In some embodiments, the output voltage of the pump may either be stepped as a program voltage during a program operation or set to a target voltage during an erase operation. The step signal may include a counter to operate in response to the count-up signal, a first signal generator to output first signals in response to an output of the counter during a program operation, a second signal generator to output second signals during an erase operation, and a multiplexer to select as the step signals either the first signals from the first signal generator or the second signals from the second signal generator in response to the operation mode signal. The control circuit may control the pump and the regulator in response to an output from a pass/fail checker, so that the output voltage of the pump is stepped in response to program loop iterations during a program operation, and so that the output voltage of the pump is set to a target voltage during an erase operation.
Some additional inventive principles of this patent disclosure relate to a method including operating a pump on a flash memory device, and regulating the output of the pump to provide a program voltage for the memory device during a program operation and an erase voltage for the memory device during an erase operation. In some embodiments, the method may further include verifying the pass/fail status of selected data during a program operation, and iteratively stepping the output voltage of the pump in response to the pass/fail status of selected data in response to program loop iterations during a program operation. The erase voltage may be regulated in response to a stored target value which may be reprogrammed with a predetermined value.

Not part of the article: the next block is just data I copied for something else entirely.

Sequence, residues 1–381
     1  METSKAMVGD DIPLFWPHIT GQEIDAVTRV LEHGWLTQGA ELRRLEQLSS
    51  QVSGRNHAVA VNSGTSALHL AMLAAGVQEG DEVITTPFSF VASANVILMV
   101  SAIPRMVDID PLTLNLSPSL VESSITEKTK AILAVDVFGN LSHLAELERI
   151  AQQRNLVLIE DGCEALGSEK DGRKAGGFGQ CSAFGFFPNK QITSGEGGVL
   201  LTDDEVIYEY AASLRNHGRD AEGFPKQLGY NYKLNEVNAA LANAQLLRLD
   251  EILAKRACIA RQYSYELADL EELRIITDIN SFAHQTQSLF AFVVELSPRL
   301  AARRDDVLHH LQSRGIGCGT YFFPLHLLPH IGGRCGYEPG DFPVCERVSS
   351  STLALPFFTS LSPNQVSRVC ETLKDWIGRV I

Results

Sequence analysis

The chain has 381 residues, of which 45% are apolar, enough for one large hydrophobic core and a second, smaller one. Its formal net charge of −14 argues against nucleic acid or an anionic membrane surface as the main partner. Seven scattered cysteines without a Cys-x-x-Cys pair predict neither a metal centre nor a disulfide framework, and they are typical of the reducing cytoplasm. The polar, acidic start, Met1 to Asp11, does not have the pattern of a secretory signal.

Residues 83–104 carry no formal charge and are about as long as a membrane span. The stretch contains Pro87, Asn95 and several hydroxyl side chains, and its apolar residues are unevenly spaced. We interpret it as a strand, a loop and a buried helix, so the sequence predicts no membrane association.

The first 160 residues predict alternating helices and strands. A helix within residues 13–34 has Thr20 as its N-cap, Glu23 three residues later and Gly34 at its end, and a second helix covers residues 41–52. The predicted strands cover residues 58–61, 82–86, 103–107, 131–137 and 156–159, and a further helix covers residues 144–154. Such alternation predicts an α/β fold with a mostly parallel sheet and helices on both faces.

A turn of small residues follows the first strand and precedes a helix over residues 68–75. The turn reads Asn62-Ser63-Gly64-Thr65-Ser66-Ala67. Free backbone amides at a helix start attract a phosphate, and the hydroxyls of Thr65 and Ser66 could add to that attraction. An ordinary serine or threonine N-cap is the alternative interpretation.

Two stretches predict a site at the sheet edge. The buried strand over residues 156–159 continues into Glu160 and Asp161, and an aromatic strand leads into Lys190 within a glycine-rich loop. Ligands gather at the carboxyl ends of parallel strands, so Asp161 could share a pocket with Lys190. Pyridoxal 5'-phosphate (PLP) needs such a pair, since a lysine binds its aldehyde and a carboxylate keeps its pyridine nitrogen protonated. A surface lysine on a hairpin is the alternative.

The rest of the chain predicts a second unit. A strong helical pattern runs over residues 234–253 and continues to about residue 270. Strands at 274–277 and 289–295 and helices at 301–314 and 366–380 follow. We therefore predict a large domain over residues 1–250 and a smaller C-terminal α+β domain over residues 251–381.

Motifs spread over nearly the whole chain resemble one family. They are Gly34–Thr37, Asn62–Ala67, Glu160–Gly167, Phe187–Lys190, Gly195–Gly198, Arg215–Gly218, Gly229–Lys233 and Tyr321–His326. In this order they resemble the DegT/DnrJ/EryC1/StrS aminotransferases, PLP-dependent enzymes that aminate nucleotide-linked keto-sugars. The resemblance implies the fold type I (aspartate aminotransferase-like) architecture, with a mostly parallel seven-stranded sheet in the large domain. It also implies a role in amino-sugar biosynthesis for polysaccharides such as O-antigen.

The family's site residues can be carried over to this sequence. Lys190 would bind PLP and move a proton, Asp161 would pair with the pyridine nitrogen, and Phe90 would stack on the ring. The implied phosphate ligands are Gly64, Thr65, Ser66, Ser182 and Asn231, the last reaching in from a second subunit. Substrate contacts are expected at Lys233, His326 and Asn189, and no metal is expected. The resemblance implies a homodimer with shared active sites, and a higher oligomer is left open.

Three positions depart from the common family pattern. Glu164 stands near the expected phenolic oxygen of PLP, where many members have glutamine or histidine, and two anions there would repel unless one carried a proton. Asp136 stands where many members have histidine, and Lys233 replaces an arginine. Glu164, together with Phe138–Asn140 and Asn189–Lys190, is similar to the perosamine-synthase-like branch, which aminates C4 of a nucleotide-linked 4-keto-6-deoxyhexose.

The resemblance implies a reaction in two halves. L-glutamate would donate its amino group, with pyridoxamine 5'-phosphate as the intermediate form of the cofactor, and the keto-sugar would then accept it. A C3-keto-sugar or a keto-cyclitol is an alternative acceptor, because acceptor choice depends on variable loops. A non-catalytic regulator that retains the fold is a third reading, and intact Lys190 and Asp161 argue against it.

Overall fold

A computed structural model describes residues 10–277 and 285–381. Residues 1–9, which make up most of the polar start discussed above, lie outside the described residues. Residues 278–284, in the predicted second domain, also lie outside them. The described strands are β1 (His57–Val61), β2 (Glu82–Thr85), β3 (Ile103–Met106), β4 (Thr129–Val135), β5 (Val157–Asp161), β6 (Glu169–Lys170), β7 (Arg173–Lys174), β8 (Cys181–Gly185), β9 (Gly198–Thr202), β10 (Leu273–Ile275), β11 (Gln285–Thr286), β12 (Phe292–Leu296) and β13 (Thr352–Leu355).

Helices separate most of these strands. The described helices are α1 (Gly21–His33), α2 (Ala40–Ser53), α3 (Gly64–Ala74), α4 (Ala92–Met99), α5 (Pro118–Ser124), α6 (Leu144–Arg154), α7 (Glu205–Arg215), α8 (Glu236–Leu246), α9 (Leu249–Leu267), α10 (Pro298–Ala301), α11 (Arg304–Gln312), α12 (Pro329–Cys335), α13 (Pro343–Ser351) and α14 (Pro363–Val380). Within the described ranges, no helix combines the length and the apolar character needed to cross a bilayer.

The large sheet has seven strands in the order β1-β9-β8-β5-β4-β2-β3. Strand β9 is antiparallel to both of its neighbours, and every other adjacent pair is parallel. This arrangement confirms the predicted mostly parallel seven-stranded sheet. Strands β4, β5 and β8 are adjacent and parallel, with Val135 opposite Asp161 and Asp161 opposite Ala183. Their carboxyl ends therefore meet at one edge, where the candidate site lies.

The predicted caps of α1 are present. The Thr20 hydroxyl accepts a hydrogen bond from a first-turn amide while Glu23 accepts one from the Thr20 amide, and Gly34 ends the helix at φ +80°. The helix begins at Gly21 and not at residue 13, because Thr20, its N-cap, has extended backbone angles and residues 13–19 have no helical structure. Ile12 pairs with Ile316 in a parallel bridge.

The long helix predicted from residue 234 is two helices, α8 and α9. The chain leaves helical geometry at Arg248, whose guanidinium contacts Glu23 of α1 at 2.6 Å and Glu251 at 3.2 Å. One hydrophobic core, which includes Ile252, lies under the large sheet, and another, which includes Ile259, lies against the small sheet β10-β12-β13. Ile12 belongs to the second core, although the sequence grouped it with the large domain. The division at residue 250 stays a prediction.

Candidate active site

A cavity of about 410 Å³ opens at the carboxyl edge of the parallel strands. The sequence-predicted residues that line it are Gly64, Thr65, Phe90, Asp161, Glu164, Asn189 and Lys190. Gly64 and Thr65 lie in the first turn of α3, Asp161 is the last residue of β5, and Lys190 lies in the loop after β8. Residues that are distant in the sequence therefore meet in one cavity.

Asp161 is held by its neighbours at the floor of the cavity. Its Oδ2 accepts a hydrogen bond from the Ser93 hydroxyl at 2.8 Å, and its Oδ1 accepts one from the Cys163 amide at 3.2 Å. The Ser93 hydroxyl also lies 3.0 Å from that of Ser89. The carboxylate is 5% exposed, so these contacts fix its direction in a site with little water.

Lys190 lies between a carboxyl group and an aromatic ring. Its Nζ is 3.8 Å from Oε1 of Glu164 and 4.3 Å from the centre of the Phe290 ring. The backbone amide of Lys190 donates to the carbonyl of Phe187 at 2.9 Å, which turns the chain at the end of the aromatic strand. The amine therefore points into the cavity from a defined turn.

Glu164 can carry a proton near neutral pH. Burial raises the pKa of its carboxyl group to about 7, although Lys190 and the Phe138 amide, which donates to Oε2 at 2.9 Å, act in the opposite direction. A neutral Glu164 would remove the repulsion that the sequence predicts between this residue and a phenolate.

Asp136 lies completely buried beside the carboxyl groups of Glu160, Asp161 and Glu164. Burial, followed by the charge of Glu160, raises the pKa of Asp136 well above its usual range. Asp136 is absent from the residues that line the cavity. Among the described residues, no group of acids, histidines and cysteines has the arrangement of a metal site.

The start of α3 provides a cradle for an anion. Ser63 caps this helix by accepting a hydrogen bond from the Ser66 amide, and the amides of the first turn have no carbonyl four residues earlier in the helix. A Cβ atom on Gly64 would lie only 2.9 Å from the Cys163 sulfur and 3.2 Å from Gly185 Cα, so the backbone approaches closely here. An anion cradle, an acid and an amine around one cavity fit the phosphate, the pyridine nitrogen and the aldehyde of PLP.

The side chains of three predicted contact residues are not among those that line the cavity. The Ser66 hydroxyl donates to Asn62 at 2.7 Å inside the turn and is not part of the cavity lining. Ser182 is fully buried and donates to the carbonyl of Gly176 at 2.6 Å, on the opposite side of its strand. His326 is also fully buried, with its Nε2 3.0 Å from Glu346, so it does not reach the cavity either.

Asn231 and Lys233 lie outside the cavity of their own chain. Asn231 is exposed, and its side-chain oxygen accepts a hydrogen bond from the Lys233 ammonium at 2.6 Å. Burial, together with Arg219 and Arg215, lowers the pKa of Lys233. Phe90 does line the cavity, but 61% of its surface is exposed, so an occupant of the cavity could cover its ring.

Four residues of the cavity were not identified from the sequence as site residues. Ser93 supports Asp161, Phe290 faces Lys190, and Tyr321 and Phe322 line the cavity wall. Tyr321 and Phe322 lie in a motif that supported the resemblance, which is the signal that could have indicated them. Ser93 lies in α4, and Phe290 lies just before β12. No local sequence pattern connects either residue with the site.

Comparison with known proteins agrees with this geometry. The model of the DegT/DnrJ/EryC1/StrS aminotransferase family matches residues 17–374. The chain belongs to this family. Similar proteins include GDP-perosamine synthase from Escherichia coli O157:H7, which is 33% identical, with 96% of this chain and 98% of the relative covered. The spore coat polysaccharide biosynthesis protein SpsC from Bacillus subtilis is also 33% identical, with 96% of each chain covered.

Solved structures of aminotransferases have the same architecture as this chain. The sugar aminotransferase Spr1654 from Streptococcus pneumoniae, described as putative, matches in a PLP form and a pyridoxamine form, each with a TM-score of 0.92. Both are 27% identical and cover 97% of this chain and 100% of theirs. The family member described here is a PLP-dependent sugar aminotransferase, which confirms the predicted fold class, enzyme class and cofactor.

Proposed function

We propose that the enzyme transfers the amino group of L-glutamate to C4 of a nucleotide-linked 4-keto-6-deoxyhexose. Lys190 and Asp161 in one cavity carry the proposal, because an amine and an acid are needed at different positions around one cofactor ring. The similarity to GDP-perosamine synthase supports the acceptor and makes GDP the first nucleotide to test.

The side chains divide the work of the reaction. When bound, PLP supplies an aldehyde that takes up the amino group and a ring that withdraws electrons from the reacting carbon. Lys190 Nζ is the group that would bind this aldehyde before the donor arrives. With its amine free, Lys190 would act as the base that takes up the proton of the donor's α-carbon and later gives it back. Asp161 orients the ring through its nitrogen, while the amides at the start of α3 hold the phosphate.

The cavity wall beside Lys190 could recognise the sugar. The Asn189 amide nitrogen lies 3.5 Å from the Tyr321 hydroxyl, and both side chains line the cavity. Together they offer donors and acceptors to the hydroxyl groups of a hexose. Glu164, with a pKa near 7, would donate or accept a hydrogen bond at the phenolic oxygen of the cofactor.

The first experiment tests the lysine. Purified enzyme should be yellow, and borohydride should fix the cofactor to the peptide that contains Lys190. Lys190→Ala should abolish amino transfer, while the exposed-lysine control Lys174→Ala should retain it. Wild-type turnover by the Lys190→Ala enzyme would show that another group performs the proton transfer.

The inventive principles of this patent disclosure will be described below with reference to the accompanying drawings. The inventive principles may, however, be embodied in different forms and should not be constructed as limited to the embodiments set forth herein.
The control logic 160 controls the overall operation of the flash memory device. The control logic 160 may control a step signal generator 170 in response to pass/fail information from the pass/fail checker 150 and the current operational mode of the memory array. The step signal generator 170 is controlled by the control logic 160 and selectively activates step signals STEPi (i=0, . . . , m−1, where m is an integer) based on the operation mode. For example, during a program operation, the step signal generator 170 activates the step signals STEPi to generate a program voltage that may be iteratively stepped up as a program loop is repeated. The high voltage generator 180 operates in response to the step signals STEPi and generates a program voltage Vpgm or an erase voltage Verase according to the operation mode. The high voltage generator 180 may have a unified pump and regulator structure to generate the program voltage Vpgm and the erase voltage Verase. The program voltage Vpgm may be supplied to a selected row/word line through the row selector 120 during a program operation. The erase voltage Verase may be supplied to a bulk region of the memory cell array 110 or a selected memory block of the memory cell array 110 during an erase operation.
In one exemplary embodiment, the control logic 160 and the step signal generator 170 constitute a control circuit that controls a regulator so either a program voltage or an erase voltage is selectively generated by the pump.
Although not shown in the figures, a flash memory device according to the inventive principles may include more elements such as a pass voltage generator for generating a pass voltage, a read voltage generator for generating a read voltage, a voltage generator for generating a higher voltage than the program voltage, and so on.
As described above, a flash memory device according to the inventive principles may generate a program voltage Vpgm or an erase voltage Verase using the high voltage generator 180 having a unified pump and regulator structure, depending on the operational mode. Thus, the inventive principles may be able to improve the integration density of a flash memory chip by using the same pump and regulator for both program voltage and erase voltage generation, without needing an extra pump and regulator to generate the erase voltage. In general, since the pump capacity for a program voltage may be larger than that for an erase voltage, it may be possible to generate the program and erase voltages Vpgm and Verase using a pump and regulator for the program voltage. However, in a case where the pump capacity for an erase voltage is larger than that for a program voltage, it may be possible to generate the program and erase voltages Vpgm and Verase using the pump and regulator for the erase voltage.